Fredric Jameson interprets Kafka’s story differently.1 By refusing to recognize Josephine, the Mouse people behave themselves as a radically democratic community. Jameson says that “anonymity as an intensely positive force, as the most fundamental fact of life of the democratic community” characterizes the life of the Mouse people – with or without Josephine. For Jameson, the revolution has already happened in the Mouse world, perhaps even long ago. The Mouse people are post-revolutionary; the attempt of one to be recognized as an individual is not an event. From the perspective of our un-democratic, un-revolutionary society, we cannot fathom the radical community of the Mouse people, except as a kind of death -- the death of individuality, of a society of individuals. We can see that Jameson agrees with the mouse historian: Josephine is not an event in the history of the Mouse Folk.

And yet, Josephine is an insurgent element. In a society that may not be capable of changing course (as Jameson has suggested, and I suggested, though for different reasons), Josephine incites plot. “A day or two ago” the Mouse-Singer had given her most theatrical performance of exhaustion and inspiration. Now (our mouse historian reports “the latest”), Josephine has disappeared altogether just when she was supposed to sing. Since the people do not sacrifice her to the dream of revolution, she sacrifices herself to an uncertain end.

The Historian’s Vocation against Uncertain Endings

Determining that Josephine will soon be forgotten, the narrator buries her prematurely in “the eternal history of our people.” Her voice, he says, is more powerful not as presence, but as memory. Josephine, he says, has been “past losing” – she was always already sacrificed. By denying the value of her life and art, the historian denies the possibility that the crowd will strike.

Yet Josephine’s ambiguous withdrawal does not provide a satisfactory ending, a seal for the plot. She could return to the stage, in the next “day or two,” or in some years. She could be plotting an altogether different performance. Given the possibilities, we ought to question the narrator’s haste to conclude the story. A revolution could still occur – at least among the Mouse people.

Here is a historian of a people with no history. Unlike Josephine’s piping, the historian’s work of recording is unappreciated. The peak of his narrative intrusion is a long, rambling sentence on Josephine’s work of “staging”:

True, she does not save us and gives us no strength; it is easy to stage oneself as a savior of our people, inured as they are to suffering, not sparing themselves, swift in decision, well acquainted with death, timorous only to the eye in the atmosphere of reckless daring which they constantly breathe, and as prolific besides as they are bold – it is easy, I say, to stage oneself after the event as the savior of our people, who have always somehow managed to save themselves, although at the cost of sacrifices which make historians – generally speaking we ignore historical research entirely – quite horror-struck.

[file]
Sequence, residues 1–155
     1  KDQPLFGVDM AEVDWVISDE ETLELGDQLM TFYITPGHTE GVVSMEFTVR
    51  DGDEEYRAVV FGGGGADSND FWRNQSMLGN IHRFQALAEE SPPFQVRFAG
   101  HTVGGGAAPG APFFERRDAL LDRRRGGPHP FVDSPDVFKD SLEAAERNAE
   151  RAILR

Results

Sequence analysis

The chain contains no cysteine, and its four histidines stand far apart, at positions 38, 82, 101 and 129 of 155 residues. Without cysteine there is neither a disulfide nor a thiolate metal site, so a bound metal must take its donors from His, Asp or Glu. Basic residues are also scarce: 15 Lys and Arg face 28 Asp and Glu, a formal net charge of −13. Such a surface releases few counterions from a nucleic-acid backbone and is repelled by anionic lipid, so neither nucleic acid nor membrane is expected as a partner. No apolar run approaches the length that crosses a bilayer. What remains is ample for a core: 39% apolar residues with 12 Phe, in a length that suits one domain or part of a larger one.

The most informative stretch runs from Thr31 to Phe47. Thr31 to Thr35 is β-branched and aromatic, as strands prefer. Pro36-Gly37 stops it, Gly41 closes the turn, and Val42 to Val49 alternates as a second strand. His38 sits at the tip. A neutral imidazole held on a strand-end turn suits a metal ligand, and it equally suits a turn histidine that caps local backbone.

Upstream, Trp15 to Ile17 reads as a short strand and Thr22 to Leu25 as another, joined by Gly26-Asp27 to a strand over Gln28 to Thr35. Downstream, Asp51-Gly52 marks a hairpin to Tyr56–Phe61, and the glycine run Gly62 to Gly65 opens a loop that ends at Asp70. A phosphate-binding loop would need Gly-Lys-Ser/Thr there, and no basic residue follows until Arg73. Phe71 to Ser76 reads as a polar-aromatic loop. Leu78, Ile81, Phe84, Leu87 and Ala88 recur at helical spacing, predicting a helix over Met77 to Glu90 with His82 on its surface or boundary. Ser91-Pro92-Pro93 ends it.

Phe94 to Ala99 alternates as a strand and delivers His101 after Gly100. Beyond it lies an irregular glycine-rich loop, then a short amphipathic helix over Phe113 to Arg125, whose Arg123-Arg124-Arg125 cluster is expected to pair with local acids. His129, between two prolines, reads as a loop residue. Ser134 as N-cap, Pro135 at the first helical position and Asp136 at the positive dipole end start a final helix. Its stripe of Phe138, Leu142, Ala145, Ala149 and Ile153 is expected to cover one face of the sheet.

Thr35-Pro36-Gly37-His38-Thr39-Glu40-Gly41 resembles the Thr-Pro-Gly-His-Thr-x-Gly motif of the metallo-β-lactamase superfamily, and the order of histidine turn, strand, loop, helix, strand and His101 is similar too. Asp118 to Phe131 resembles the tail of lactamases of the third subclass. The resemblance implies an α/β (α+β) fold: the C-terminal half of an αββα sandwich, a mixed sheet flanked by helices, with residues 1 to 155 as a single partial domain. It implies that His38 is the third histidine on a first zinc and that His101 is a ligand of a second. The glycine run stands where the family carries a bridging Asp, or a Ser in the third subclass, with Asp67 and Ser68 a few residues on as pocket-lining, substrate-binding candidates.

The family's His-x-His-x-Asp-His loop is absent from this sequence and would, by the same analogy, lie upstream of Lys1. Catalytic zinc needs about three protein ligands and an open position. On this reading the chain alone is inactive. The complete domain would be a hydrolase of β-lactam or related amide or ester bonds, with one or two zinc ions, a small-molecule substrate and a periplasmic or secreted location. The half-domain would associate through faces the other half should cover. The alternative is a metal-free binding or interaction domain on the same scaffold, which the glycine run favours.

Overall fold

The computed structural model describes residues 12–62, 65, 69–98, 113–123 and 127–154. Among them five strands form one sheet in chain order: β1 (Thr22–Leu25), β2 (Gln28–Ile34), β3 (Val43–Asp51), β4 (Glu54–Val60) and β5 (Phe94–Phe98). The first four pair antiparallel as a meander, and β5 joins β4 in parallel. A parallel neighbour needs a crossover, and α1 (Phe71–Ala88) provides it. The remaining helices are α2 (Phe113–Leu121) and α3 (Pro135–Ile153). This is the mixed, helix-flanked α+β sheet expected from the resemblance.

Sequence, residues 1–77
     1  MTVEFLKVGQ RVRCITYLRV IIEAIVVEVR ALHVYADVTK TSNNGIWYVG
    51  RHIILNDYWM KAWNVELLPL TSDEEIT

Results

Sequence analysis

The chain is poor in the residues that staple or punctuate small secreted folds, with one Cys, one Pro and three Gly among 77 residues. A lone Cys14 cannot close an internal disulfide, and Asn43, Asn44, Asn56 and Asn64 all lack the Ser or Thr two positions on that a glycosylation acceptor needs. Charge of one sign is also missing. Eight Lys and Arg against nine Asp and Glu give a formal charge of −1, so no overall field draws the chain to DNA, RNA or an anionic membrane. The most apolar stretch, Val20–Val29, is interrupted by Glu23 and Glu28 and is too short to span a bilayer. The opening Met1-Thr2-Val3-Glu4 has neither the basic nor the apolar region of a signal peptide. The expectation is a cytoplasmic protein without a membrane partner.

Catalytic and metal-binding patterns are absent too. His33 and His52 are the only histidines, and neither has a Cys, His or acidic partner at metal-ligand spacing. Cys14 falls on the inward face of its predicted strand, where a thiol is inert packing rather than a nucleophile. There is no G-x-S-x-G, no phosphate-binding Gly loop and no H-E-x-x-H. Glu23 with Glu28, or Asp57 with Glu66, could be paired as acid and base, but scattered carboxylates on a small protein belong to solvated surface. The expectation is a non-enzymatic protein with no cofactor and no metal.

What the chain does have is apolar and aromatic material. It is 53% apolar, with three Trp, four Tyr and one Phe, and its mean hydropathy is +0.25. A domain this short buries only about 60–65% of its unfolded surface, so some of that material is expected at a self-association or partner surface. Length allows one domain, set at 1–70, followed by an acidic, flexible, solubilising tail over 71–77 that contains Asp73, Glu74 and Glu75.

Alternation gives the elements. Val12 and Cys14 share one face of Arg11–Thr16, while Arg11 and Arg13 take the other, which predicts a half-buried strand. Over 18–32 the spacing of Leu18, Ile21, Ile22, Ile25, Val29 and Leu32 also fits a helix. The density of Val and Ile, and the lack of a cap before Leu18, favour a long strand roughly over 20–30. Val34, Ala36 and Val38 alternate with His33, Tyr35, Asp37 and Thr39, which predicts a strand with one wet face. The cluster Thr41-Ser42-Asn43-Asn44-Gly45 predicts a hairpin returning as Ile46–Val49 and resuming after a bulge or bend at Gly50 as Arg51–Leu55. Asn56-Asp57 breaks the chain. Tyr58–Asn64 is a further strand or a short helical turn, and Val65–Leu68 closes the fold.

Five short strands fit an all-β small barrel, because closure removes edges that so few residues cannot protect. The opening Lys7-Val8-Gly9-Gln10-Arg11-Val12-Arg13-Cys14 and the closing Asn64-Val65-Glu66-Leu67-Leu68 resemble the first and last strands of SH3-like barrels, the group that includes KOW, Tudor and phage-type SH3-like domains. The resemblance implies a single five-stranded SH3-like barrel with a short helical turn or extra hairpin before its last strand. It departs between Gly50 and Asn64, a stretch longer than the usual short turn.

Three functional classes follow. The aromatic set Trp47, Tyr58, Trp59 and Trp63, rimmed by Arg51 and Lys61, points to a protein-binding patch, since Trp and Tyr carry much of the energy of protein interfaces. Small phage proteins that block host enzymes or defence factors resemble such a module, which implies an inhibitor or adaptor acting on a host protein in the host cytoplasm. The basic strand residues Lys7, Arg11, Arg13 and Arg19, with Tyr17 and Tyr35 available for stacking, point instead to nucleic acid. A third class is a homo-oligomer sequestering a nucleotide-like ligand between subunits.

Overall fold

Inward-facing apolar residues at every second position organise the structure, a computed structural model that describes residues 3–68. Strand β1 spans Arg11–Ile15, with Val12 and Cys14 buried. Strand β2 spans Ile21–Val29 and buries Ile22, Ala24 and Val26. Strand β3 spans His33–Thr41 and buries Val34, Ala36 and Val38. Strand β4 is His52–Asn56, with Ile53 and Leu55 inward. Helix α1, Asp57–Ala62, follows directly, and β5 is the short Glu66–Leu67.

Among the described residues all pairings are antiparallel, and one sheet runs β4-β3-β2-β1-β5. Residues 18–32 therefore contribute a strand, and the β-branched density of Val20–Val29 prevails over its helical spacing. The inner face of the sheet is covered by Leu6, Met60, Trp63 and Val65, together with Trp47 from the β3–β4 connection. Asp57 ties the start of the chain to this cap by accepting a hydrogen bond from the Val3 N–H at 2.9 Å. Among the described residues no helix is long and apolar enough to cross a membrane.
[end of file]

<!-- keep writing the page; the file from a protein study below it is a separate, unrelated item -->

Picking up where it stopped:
The mouse historian, repeating “to stage oneself as a savior” with disgust, lets us know that he, at least, deplores the performance of salvation. This despite the general ignorance of history; the Mouse historian’s own awareness of the “cost of sacrifices” implies some interrogation of the status quo of mouse life. But perhaps the Mouse people, themselves being “no historians,” have external records-keepers who are horrified by their lives, and the mouse historian’s use of “we” is meant to deceive us. Perhaps he is no mouse at all.

Jameson seems to agree that Josephine’s performance is submerged by the narrator’s, “It is as though this ultimate emergence of the collective voice, of the people’s impersonal narrator, was the final stroke in the eclipse of those individual characters or named personalities of which Josephine was the last.”2 Per Jameson, Kafka’s last story bypassed revolution altogether. The impersonal narrator arose in radical difference from all other animals – he is no ‘other half’ to Josephine, he is no animal.

With his balance of scales and his pro and contra, like a small, predictable bureaucrat, the narrator hardly suggests utopian consciousness. His narrative style shows us the work of recording, not impersonality but, rather, a hundred little judgments. He believes that Josephine will fail and be forgotten – despite his very own work to the contrary. Mouse or not, he is already “past losing,” like the ancient singers of Mouse history. Josephine may be a mere ‘piper’, but the mouse historian sings a tale in her memory.

Except that Josephine is not exhausted by his story. It is she who expends herself. “Silent among the chatterers,” Josephine empties herself out to create abundant rest. She, not the mouse historian, shows the passage of time by marking the alternation between rest and labor with her performances. The mouse historian worries that, by staging herself as a savior, Josephine casts the secular mouse world into sacred time. Yet Josephine does not promise salvation, she represents the utterly unknown. I do not know for sure why the historian concludes that Josephine is dead and about to be forgotten. It seems he wants to bury himself and her in the impossibility of a revolutionary event. But as long as Josephine’s end is uncertain, the possibility of respite endures.

1 Modernism, Death, and Utopia,” Seeds of Time

2 “Kafka’s Dialectic,” The Modernist Papers